Container Security and Docker’s Pluggable Architecture

29 Sep 2016 8:56am, by

In this episode of The New Stack Analysts podcast, we delve into the challenges of networking containers, how container namespaces have evolved, and the evolving state of container security today. The discussion also touches on the importance of pluggable ecosystems, and how implementing pluggable models benefits both vendors and users of Docker.

IBM Senior Technical Staff Member of Open Cloud Technologies Phil Estes was interviewed by TNS founder Alex Williams for our latest EBook: Container Networking, Security, and Storage with Docker and Containers.

The conversation can also be enjoyed on YouTube.

The conversation kicked off a look into the history of containers. Estes noted that the lower levels of Linux kernel features aren’t usually well-known to the general public, as opposed to platforms like VirtualBox and VMWare. “Docker didn’t come out of the ether. It evolved the compute we think of as a container in Linux. For people coming to that world from something very concrete like a VM, they come back to containers and see that the isolation pieces of why we call it a container really came about over a period of time.”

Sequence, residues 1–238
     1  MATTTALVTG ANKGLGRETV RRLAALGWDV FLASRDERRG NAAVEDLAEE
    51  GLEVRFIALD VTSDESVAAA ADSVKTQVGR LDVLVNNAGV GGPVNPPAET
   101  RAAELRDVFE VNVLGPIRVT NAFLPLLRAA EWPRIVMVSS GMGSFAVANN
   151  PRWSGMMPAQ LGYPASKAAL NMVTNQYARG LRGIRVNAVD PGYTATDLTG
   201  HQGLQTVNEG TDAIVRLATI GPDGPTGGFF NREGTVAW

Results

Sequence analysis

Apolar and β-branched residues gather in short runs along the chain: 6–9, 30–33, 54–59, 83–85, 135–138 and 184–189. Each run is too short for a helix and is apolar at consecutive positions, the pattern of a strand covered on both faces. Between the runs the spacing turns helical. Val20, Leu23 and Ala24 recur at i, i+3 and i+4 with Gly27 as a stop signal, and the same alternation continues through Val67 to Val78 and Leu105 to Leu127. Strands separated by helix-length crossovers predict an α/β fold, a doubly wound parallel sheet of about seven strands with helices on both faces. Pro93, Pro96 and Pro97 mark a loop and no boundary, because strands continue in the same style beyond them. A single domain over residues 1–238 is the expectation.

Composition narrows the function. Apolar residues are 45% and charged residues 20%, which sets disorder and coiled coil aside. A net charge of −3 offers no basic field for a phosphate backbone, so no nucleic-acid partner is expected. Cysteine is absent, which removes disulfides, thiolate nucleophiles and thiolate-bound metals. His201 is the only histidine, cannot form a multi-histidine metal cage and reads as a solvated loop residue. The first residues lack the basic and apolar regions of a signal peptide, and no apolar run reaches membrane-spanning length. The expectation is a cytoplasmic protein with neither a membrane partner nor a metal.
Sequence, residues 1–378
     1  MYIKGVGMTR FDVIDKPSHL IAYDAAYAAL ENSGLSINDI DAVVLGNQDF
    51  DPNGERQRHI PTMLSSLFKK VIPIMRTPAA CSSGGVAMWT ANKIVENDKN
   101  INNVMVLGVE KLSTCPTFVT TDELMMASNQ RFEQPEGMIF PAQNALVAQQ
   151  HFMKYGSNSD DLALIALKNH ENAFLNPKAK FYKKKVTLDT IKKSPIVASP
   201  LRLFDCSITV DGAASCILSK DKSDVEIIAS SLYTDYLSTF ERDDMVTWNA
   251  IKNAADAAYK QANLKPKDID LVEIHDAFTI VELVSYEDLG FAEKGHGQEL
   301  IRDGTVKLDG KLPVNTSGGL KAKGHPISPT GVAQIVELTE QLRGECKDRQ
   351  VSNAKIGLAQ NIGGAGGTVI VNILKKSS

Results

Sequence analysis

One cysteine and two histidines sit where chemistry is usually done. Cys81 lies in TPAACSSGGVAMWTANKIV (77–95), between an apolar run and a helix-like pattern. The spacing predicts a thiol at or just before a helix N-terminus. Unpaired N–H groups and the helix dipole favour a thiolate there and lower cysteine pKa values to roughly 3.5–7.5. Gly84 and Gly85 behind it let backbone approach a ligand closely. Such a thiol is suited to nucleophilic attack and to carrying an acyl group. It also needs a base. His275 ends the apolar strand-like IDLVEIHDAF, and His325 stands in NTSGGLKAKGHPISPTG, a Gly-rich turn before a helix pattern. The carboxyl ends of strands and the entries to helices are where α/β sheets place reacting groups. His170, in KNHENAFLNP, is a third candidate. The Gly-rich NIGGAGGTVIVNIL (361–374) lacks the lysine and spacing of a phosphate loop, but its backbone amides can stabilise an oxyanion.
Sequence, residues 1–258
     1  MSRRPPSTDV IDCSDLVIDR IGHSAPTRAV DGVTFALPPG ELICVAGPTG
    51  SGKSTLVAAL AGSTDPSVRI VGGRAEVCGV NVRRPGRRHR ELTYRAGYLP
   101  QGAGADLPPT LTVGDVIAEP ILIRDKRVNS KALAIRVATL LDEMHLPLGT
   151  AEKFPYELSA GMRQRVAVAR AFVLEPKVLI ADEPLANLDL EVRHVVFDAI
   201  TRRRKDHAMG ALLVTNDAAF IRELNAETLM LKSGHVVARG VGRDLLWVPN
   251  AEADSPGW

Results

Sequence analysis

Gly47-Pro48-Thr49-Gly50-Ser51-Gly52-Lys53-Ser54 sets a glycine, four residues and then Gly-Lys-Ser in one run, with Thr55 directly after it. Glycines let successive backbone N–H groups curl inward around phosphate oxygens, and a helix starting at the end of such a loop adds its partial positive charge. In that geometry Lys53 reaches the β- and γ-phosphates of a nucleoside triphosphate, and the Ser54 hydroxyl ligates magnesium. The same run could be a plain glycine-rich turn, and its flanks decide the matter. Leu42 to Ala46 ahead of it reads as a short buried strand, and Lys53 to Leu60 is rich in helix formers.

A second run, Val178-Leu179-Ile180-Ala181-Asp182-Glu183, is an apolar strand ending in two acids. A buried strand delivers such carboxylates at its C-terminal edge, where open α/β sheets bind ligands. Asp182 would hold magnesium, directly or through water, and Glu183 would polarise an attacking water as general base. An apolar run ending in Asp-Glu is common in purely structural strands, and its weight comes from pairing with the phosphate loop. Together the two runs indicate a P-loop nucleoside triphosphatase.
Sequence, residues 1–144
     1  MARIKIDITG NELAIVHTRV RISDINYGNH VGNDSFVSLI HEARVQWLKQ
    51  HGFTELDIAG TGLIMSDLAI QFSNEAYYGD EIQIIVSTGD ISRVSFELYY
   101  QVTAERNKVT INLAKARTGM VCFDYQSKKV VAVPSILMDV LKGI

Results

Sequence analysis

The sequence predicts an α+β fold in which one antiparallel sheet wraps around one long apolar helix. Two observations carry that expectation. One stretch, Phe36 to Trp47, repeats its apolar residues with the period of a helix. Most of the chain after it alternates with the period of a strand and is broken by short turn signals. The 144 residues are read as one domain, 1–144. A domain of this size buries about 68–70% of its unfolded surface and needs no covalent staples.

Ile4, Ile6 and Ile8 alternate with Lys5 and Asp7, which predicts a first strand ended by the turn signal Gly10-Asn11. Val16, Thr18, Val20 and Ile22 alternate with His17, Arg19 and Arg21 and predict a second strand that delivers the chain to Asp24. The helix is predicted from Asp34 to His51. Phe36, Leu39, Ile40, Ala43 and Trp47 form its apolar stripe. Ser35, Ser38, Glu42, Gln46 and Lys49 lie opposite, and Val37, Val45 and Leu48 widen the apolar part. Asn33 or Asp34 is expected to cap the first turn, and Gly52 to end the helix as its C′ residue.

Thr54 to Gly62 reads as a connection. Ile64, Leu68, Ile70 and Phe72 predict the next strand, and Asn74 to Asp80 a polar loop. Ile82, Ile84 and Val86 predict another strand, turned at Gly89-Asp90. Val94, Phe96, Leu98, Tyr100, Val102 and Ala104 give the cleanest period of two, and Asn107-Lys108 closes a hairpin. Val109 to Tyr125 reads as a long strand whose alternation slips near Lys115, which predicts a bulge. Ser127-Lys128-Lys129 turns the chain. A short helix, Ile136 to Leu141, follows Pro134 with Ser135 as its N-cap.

Estes also noted a positive outlook for the security of these low-level pieces over the next few years, highlighting a contributed article to The New Stack by RackN CEO Rob Hirschfeld that detailed 13 ways that Docker containers are more secure than traditional VMs.

The burden of security does not rest entirely upon container execution layers, Estes explained. Rather, it is shared between the container and its application.

“My application has to do smart things about how I use data, how I pass any kind of encrypted keys, settings, or passwords. As usual, security is a shared task for application developers, and the container community is taking it very seriously,” Estes said.

Pluggable architectures are something the upstream Docker community is focusing on, partly due to the amount of options existing for logging drivers and frameworks. Estes noted that the Docker engine should not be in control of these services, explaining that, “That should be a pluggable component, where if I’m a log service provider I should be able to plug into that service. Because a lot of these areas are fast moving, Docker has chosen to do a pluggable model so vendors can fit those pieces in instead of having the engine trying to keep track of all those technologies.”

The variety of orchestration platforms available to vendors and users today has led to much discussion surrounding how these platforms differentiate based on security. However, Estes noted that at the container processing level they share a lot of similarities and commonality. “We’d be talking more about application level security. In application coordination layers, I think you’d see differentiation where maybe one would be better than others.”

Docker and IBM are sponsors of The New Stack.

Feature image via Pixabay.

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